Distinguished Keynote Speaker III
CMOS Electronics See Inside Biological Cellular Networks
Dr. Donhee Ham
Wednesday, August 9, 2017, 08:00 – 09:00
Abstract. Realizing a closely packed electrode array capable of parallel + intracellular recording from a complex network of electrogenic cells has long been an outstanding challenge in neuroscience, cardiac technology, and bioengineering. Taking two notable examples, CMOS microelectrode arrays (MEAs) and planar patch-clamp arrays have brought tremendous impact in electrophysiology, but they have not been able to combine parallelism and intracellular measurements. Specifically, while the CMOS MEA enables network-level studies with massive parallelism, its extracellular interface cannot achieve high-fidelity features––such high signal-to-noise ratio, single-cell resolution, no signal distortion––of intracellular recording. On the other hand, while the planar patch-clamp array allows for high-precision intracellular access, it cannot achieve network-level parallelism. I would like to share our recent development of a nanoscale electrode array on a CMOS chip, which successfully combines network-level parallelism and intracellular interfacing [Nature Nanotechnology, 12, 460 (2017)]. I would also like to discuss the outlook of this unprecedented capability in a number of applications such as cellular-precision neuroprosthesis and brain-machine interface, and high-throughput pharmaceutical screening.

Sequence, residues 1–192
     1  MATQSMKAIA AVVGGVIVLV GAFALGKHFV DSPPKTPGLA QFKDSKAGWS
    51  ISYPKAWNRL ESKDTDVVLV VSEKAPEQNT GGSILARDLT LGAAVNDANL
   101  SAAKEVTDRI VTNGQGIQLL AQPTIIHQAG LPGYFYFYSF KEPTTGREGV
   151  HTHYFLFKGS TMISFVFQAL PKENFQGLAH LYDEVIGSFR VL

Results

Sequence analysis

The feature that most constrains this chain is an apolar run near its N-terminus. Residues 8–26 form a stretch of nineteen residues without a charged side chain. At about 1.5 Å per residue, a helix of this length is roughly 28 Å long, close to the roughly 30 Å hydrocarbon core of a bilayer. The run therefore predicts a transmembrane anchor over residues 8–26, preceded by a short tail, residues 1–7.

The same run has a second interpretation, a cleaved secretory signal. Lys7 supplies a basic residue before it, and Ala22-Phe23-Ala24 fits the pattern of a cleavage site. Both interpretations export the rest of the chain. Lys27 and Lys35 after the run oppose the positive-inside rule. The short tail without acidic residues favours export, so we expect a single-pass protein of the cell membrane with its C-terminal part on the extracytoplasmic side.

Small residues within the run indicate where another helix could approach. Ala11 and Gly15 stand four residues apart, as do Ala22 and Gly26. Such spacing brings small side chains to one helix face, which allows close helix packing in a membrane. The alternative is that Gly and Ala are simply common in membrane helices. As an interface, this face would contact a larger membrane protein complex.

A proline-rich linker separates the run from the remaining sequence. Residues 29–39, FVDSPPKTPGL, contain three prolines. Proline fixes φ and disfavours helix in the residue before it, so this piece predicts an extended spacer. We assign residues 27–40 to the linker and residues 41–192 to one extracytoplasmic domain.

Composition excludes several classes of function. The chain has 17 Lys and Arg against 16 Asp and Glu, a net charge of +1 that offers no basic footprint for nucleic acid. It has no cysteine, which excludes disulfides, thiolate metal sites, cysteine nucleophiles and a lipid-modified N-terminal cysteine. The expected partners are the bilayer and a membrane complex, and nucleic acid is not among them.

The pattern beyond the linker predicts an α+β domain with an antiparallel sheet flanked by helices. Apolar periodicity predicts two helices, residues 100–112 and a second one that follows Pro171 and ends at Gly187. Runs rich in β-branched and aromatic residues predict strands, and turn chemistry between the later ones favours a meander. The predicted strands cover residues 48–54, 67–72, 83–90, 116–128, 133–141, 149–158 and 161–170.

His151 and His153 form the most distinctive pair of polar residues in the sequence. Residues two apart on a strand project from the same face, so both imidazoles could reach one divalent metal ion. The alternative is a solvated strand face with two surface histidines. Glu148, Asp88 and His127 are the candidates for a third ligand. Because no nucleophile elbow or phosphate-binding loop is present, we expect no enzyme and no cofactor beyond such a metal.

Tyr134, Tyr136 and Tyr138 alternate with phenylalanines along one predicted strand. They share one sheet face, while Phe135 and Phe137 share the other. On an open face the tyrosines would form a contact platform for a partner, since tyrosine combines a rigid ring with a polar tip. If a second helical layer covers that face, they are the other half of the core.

Donhee Ham is Gordon McKay Professor of Applied Physics and EE at Harvard University. He earned B.S. degree in physics from Seoul National University. Following a 1.5-year military service in the South Korea Army, he went to Caltech for graduate training in physics. There he worked in LIGO under Professor Barry Barish while in physics, and later obtained a Ph.D. in EE in 2002 winning the Charles Wilts Prize. He was the recipient of the IBM Doctoral Fellowship, Li Ming Scholarship, IBM Faculty Partnership Award, IBM Research Design Challenge Award, and the Korea Foundation of Advanced Studies Fellowship. For CMOS-based nuclear magnetism work, he was recognized by MIT Technology Review as among the world’s top 35 young innovators in 2008 (TR35). Ham was selected as a Harvard Yearbook Favorite Professor 4 years in a row (2011-2014), and was one of 8 Harvard Thinks Big speakers in 2012 (8 Harvard faculty chosen by college-wide votes). He served as an IEEE Distinguished Lecturer for the Solid-State Circuits Society (2012-2013). Ham’s work experiences include Caltech-MIT LIGO, IBM T. J. Watson Research, Consulting Visiting Professorship at POSTECH, Distinguished Visiting Professorship at Seoul National University, IEEE conference technical program committees including the IEEE ISSCC and the IEEE ASSCC, advisory board for the IEEE ISCAS, and various US, Korea, and Japan industry, government, & academic technical advisory positions. He served as a guest editor for the IEEE Journal of Solid-State Circuits and was a co-editor of CMOS Biotechnology with Springer (2007). He is an associate editor for IEEE Transactions on Biomedical Circuits and Systems. His current research focus is on: nano-bio interface array for neuroscience and molecular diagnostics; scalable biomolecular spectroscopy; 2D and quantum materials; and CMOS integrated circuits (RF, analog, and mixed-signal).